Areas of Interest in Kidepo
1. Apoka Tourism Centre
Overlooking the game-rich Narus Valley and home to an up-market lodge and simple UWA-run cottages, Apoka is the park’s tourism hub. Ranger guides are stationed at Apoka to escort tourists on game drives and walks.
For those without their own transport, park trucks can be hired. There is a craft shop with books and souvenirs; bottled water, sodas, and alcoholic beverages can also be purchased here.
Food is cooked on request and cooking gas and utensils can be hired by individuals who wish to cook for themselves.
2. Narus Valley
Narus Valley is a rolling grassland plain enclosed by distant mountains. The valley has permanent water, and for much of the year, the park’s wildlife congregates here. Thus, the area is well provided with game tracks, with four loop circuits exploring the valley around Apoka.
Many creatures such as lions, Jackson’s hartebeest, buffaloes, giraffes, oribis, and reedbucks can be seen in the valley. Less commonly seen are cheetahs and leopards. The Narus dam and the water hole near the Tourism Centre are perfect observation points for game, especially during the dry season.
At the southern end of the Katurum loop, Katurum kopje (the site of a derelict lodge) is an attractive destination with superb views north across the valley towards the Morungule mountain range.
3. Kidepo Valley and Kanangorok Hot Springs
For most of the year, a lack of surface water means that little wildlife is found in Kidepo Valley, though it is still worth the drive to visit the dry Kidepo River to stroll along its 50m wide bed of white sand between banks covered with Borassus palms.
Kidepo means to pick from below and the valley was visited by people coming to gather fallen Borassus fruit for fermenting to make palm beer. The Kanangorok Hot Springs lie 11km beyond the Kidepo River on the Sudan border.
This is a glorious place to sit and view the mountains beyond the frontier.
4. Mount Morungule
Mount Morungole stands at 2,750m and is crossed by the Kidepo and Narus Rivers that nourish the park’s wildlife and this natural habitat as a whole. The Morungole Range marks the southern boundary of the park and rises from the plains a few kilometers northeast of Apoka.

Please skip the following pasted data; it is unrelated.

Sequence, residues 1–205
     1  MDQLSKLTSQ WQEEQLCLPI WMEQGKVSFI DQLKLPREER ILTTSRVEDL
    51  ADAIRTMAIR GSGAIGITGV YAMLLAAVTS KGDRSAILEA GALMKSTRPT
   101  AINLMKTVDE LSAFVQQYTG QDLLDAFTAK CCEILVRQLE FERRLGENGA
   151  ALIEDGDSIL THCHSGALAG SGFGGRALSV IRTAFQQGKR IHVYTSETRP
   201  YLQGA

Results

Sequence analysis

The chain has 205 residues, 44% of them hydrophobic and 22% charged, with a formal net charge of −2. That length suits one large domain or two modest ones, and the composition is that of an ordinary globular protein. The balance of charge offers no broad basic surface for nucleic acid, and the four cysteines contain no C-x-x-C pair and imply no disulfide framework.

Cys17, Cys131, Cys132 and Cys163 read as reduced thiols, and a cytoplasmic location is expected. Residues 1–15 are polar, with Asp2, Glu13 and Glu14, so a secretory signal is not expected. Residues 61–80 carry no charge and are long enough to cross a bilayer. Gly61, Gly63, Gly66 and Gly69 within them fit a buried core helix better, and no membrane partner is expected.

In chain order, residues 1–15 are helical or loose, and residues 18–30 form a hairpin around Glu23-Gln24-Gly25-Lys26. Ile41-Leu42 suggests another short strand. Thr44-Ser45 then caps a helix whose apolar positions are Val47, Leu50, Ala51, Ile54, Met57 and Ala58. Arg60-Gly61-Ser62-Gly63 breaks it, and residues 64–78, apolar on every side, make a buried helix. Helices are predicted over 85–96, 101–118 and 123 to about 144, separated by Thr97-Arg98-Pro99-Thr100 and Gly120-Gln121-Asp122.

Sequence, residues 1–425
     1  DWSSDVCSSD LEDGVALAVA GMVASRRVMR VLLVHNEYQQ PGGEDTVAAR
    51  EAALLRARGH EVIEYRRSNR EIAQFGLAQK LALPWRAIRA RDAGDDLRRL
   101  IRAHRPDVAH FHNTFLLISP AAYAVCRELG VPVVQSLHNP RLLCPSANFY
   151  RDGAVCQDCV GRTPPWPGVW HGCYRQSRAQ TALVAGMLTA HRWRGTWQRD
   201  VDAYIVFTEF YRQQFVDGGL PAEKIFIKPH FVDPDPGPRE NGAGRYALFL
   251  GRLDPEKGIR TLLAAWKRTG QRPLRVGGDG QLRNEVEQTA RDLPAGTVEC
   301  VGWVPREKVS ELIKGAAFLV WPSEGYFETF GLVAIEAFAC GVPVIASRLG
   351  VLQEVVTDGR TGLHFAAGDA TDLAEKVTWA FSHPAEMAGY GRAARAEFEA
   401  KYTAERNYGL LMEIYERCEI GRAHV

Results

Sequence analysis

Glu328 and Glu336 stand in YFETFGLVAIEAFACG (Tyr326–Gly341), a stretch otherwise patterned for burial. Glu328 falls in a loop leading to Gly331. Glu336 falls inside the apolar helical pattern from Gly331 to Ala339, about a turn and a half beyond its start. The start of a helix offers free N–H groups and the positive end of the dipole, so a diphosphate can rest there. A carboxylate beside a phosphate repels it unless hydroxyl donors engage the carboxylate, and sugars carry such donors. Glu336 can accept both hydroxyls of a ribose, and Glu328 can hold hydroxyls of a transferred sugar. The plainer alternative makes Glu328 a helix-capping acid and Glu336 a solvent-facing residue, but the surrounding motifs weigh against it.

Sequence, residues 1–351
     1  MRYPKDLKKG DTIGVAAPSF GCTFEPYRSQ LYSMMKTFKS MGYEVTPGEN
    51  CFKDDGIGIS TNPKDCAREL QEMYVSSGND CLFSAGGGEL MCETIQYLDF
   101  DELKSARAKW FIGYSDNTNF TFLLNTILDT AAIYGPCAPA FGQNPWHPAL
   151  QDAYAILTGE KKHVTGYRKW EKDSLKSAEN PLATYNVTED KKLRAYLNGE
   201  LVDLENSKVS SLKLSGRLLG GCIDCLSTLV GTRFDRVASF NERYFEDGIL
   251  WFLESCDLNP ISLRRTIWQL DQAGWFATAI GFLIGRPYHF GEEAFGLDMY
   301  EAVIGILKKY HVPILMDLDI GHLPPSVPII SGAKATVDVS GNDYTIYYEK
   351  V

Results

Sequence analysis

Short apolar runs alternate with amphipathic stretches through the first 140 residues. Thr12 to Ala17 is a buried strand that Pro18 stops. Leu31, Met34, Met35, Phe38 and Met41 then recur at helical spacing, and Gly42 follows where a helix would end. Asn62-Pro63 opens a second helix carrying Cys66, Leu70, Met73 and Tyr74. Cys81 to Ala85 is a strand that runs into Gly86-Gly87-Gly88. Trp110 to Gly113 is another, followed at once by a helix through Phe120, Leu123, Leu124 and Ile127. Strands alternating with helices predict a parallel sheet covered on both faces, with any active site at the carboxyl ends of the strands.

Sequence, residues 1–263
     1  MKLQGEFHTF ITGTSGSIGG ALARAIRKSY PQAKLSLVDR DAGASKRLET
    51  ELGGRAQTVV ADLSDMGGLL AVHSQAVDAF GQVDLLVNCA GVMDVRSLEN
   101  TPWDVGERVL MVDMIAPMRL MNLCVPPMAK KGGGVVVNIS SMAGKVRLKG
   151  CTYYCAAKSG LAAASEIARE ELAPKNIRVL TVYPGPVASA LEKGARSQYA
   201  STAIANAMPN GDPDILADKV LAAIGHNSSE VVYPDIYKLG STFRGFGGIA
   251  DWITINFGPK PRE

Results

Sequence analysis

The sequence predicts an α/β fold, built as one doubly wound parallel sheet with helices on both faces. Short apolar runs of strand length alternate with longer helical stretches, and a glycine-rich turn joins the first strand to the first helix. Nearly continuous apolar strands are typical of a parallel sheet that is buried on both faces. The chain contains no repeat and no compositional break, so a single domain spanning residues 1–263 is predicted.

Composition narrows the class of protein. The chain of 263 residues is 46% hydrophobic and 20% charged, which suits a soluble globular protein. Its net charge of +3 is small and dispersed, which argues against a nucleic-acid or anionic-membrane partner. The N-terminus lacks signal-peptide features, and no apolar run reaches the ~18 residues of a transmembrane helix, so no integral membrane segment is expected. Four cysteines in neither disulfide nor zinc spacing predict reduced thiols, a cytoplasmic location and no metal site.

This region can be explored on foot with a ranger. The mountain slopes are home to the IK people, the smallest ethnic group in Uganda, with their own unique culture.
5. Namamukweny Valley
Namamukweny is a Napore word meaning a place with no birds or a lonely place with few people – though, regarding the birds, quite the opposite is true.
The valley is inhabited by a large number of bird species such as the Eastern Paradise Whydah, White-crested Turaco, Common Bulbul, Abyssinian Roller, and Green-Wood Hoopoe among others. It is located in the northwest of the park and can be accessed by car or on foot.
6. Lomej Hills
The Lomej Hills are located a short drive from the headquarters. They are a good viewing point for birds and wildlife, including the mountain reedbuck.
7. Lonyili Mountain
Lying between Kitgum and the Sudan border, Lonyili Mountain is largely covered in montane forest and is home to primates such as colobus monkeys.
Due to poor conditions in this area, the road is currently out of use. There are plans to repair it – you are strongly advised to contact UWA for updates before embarking on your journey to the mountain.
Getting to Kidepo Valley NP
While Kidepo is quite isolated, it is now more accessible than ever because of Uganda’s increased road network. Kidepo is located around 600 kilometers northeast of Kampala – Uganda’s capital.
Driving from Kampala to Kidepo takes between 7 and 10 hours depending on which road route is used. The shortest route is via Gulu Town in northern Uganda.
Alternatively, there are chartered domestic flights from Entebbe and other Ugandan National Parks to Kidepo Valley National Park.